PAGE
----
12-year trajectory of health-related quality of life in gastric bypass patients versus comparison groups.

Published

Journal Article

BACKGROUND: Few prospective studies compare long-term health-related quality of life (HRQOL) outcomes between bariatric surgery patients and individuals with severe obesity who do not undergo bariatric surgery. OBJECTIVES: This 12-year, prospective study evaluated the trajectory and durability of HRQOL changes in gastric bypass patients (surgery group; n = 418) and compared these changes to 2 nonsurgical groups. The nonsurgery group 1 (n = 417) sought but did not have surgery; nonsurgery group 2 (n = 321) had severe obesity but did not seek surgery. SETTING: Bariatric surgery center. METHODS: Weight-related (impact of weight on quality of life-lite [IWQOL-Lite]) and general (short-form health survey-36 [SF-36]) HRQOL questionnaires were administered at baseline and 2, 6, and 12 years postsurgery. RESULTS: At 12 years, the surgery group showed greatly improved weight-related HRQOL (IWQOL-Lite) and physical HRQOL (physical component summary of short-form health survey-36) from baseline, and differences between the surgery group and both nonsurgery groups were significant for IWQOL-Lite and physical component summary. IWQOL-Lite and physical component summary scores peaked at 2 years, followed by declines from 2 to 6 and 6 to 12 years. Small improvements in mental/psychosocial aspects of HRQOL (mental component summary of short-form health survey-36) seen in the surgery group at 2 years were not maintained at either 6 or 12 years. CONCLUSIONS: Gastric bypass patients demonstrated significantly higher weight-related and physical HRQOL at 12 years compared with their very low baseline scores, with the trajectory peaking at 2 years. Despite declining HRQOL between 2 and 12 years, the magnitude of improvement supports the clinical relevance of bariatric surgery for enhancing patients' quality of life.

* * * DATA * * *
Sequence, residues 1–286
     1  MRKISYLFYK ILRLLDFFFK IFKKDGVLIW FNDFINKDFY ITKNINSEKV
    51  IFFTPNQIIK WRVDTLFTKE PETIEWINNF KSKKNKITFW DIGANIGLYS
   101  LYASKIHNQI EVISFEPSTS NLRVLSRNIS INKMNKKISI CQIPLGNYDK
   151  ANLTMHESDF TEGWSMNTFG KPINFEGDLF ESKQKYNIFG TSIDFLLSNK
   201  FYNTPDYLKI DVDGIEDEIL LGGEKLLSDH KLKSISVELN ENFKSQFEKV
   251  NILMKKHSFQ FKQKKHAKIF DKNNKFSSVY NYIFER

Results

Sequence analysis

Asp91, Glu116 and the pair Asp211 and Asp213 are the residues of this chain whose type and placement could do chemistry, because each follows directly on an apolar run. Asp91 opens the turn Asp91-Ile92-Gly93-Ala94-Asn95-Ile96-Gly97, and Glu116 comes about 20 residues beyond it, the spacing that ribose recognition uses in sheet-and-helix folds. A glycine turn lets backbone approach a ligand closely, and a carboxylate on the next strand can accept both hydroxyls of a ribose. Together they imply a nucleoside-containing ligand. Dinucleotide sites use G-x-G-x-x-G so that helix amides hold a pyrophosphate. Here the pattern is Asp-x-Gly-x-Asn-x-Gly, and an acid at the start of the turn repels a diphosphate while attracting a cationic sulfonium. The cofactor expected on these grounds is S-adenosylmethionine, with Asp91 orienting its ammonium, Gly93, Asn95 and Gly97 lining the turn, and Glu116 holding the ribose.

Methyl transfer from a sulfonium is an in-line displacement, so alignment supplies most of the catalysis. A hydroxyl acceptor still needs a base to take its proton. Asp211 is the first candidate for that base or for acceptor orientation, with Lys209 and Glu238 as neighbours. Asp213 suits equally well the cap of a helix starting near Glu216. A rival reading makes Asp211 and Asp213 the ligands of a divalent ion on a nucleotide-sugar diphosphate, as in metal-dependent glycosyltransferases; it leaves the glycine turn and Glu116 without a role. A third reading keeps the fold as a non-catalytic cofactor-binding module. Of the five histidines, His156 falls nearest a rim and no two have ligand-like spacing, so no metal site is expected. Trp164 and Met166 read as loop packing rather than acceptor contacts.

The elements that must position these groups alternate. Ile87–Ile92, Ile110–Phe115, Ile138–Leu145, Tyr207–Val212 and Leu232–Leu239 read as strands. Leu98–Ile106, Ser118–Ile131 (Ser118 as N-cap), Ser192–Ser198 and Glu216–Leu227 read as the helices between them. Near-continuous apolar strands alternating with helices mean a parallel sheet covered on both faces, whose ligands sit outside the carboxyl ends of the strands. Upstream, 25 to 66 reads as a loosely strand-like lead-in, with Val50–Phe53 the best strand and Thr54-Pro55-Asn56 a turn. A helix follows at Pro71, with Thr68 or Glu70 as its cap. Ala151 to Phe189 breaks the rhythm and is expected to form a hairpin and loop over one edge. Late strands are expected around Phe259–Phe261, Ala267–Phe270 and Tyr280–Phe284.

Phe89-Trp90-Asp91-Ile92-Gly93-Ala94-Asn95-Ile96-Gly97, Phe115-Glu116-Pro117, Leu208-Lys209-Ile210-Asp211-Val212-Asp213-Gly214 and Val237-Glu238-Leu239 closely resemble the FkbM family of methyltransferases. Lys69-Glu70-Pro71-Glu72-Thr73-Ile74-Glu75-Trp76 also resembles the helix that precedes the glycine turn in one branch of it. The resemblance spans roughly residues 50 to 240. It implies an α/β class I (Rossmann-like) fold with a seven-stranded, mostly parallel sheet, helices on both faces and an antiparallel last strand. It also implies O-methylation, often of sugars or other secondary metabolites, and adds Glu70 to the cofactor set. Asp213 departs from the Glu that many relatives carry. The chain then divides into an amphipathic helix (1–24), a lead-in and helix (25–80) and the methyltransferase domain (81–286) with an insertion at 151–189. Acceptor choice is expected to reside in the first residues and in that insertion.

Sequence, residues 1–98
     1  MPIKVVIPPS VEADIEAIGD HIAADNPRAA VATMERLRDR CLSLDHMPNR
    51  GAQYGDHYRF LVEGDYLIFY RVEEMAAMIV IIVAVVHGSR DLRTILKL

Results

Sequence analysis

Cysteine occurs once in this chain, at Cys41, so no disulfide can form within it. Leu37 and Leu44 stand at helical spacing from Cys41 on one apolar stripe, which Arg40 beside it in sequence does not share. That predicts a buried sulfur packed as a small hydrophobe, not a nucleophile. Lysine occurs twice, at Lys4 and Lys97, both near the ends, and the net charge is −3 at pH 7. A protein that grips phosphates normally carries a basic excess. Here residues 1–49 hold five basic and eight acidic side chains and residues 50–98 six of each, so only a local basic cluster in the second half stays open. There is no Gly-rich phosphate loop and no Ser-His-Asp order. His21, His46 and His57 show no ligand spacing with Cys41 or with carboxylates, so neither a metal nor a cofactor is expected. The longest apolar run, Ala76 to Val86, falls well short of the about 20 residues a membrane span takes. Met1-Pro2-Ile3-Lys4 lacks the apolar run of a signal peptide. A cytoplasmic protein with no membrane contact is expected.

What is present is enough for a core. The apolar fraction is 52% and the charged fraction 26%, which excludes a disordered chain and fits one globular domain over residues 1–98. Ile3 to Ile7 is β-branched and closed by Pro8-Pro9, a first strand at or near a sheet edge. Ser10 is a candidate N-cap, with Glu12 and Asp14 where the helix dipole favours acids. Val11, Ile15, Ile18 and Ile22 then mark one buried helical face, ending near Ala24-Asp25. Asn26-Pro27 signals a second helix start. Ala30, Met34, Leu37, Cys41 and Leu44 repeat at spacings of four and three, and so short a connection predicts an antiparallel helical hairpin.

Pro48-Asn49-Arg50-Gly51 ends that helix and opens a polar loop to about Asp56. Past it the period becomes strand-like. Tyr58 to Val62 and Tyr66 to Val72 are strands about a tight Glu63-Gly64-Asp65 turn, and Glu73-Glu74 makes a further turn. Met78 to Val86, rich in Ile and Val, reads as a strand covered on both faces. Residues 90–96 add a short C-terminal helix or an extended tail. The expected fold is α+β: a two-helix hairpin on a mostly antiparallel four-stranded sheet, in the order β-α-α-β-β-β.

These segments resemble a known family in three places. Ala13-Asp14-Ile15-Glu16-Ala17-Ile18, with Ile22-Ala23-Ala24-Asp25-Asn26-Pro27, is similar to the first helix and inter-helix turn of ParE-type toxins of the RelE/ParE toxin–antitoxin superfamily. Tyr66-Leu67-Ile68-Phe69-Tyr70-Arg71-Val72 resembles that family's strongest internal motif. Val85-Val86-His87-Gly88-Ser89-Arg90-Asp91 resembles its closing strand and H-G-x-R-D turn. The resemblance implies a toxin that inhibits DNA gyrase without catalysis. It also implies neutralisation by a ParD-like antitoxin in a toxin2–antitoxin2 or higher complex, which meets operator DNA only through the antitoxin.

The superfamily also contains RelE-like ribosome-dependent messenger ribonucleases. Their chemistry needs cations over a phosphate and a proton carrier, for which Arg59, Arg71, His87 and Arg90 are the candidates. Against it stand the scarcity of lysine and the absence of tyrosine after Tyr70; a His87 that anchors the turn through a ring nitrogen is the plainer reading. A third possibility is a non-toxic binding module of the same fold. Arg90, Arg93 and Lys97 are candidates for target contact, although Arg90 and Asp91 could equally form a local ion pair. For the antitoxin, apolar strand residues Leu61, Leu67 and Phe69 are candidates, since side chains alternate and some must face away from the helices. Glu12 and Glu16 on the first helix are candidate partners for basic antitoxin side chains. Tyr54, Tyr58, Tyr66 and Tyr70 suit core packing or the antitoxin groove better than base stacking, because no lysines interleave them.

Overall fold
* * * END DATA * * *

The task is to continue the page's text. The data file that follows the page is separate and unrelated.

Full Text

Duke Authors

Cited Authors

  • Kolotkin, RL; Kim, J; Davidson, LE; Crosby, RD; Hunt, SC; Adams, TD

Published Date

  • September 2018

Published In

Volume / Issue

  • 14 / 9

Start / End Page

  • 1359 - 1365

PubMed ID

  • 29884519

Pubmed Central ID

  • 29884519

Electronic International Standard Serial Number (EISSN)

  • 1878-7533

Digital Object Identifier (DOI)

  • 10.1016/j.soard.2018.04.019

Language

  • eng

Conference Location

  • United States